ESCR is only murder if stem cells derived by removing the Chorion from a Blastocyst are somehow different than removing them from bone marrow. They may be human cells, but they are not a human being. They are simply dividing and have not yet begun that purposeful growth which comes after gastrulation which can only be the sign of ensoulment. Mysticism is not required to determine whether ensoulment has occurred - one need only look at an embryology textbook and read between the lines.
9 years 10 months ago
It is actually incorrect to say that ESCR "kills" an embryo. To harvest the cells from the blastocyst, the chorion is removed - but this is not integral to the person - it becomes the afterbirth. It would be intergral to the growth of the zygote into an embryo - as is a uterus. The stem cells, however, remain very much alive. These are what would have become a human being. The fact that they do not die when removed from the Chorion means that the organism was not an organism at all. Organism die when dismembered. After gastrulation, if the embryo is removed from the chorion, it does die. The fact that stem cells do not die mean that they are not part of an organism and are, in essence, not part of a being. Of course, if you are committed to defending the Church's argument, no matter what, this argument won't appeal to you. Nothing will.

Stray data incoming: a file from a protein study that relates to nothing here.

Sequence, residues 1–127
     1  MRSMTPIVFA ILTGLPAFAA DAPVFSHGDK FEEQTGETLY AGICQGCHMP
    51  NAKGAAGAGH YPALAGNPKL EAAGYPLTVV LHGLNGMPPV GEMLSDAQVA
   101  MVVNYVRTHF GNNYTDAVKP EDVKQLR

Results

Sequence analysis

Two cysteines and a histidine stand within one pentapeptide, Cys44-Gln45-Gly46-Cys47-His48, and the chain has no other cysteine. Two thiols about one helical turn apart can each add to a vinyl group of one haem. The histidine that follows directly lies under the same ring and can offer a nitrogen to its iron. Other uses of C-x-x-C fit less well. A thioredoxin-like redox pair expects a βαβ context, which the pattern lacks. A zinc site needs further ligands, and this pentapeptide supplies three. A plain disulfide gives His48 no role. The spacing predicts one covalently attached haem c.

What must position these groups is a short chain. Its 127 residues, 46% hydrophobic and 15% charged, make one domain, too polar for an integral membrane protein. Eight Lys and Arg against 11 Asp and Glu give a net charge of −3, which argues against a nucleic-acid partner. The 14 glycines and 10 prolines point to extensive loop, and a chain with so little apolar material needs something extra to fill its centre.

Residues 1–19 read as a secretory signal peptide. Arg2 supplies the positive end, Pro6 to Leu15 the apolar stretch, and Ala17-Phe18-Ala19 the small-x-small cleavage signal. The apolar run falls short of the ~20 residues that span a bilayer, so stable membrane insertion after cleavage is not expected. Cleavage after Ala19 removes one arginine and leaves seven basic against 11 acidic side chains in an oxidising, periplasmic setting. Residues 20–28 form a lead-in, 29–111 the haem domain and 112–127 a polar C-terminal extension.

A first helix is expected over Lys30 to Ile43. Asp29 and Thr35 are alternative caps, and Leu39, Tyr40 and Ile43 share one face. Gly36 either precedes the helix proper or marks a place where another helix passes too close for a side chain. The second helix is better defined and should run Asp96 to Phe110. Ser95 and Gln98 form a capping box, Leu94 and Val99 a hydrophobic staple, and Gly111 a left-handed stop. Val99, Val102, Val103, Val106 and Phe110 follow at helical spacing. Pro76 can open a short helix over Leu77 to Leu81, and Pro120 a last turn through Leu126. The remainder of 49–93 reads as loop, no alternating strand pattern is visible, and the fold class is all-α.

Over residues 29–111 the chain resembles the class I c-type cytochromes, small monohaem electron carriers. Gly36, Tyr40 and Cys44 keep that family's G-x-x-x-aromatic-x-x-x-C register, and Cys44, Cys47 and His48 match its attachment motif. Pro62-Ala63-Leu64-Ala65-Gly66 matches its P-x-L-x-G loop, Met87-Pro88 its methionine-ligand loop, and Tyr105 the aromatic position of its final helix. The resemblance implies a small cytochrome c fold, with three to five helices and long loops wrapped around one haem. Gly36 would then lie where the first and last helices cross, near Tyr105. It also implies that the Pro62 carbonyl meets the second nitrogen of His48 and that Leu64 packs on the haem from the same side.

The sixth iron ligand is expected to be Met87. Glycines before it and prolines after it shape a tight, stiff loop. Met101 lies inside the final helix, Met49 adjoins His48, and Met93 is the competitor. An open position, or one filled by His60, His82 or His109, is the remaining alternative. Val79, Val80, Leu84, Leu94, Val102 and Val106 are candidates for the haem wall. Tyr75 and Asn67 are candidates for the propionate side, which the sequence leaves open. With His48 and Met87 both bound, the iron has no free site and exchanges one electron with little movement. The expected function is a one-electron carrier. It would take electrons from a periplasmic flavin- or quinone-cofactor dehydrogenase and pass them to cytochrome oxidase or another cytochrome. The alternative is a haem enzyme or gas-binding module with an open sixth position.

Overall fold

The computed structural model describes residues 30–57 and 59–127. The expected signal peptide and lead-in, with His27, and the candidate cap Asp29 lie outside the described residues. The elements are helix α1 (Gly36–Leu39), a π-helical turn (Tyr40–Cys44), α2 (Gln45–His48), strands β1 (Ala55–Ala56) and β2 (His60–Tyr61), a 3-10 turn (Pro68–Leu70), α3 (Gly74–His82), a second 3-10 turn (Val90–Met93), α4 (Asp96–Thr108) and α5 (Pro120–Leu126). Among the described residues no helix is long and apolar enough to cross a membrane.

9 years 10 months ago
Two last bits on reproductive cloning. It could actually occur without destroying a human blastocyst. Instead, create a simian blastocyst, remove the stem cells and implant human adult stem cells. Place in a simian or human uterus. You know what you get? A twin of the donor. (if you do gene surgery and remove the Y and replace it with an X from another stem cell you can even make a girl baby from boy stem cells). You can also likely use human sperm and an ape egg to make the blastocyst if rejection is an issue. Nightmare scenario? No, just unnecessary research for a dubious purpose, since the cloned child will quickly advance in age once it reaches maturity. It would not have a long life - only as long as the donor. I see three objections to reproductive cloning (apart from the destruction of embryo objections which are based mostly on ignorance, not morals): designer children for grieving parents, people for spare parts and cloned armies. The designer child is a problem because it is being created as a replacement rather than as a unique person. In these cases, the parents need grief counseling. The spare parts objection is irrelevant because you can make spare parts in the lab eventually. Again, this would be creating a person as donor. It is already a problem now and will be overcome by stem cell technology. The cloned army concern (mass manufactured humans) is not a problem due to reproduction but the desire to create some sort of slave. It exists only in Star Wars. Anyone who seriously thinks it is a concern should move out of their mother's basement.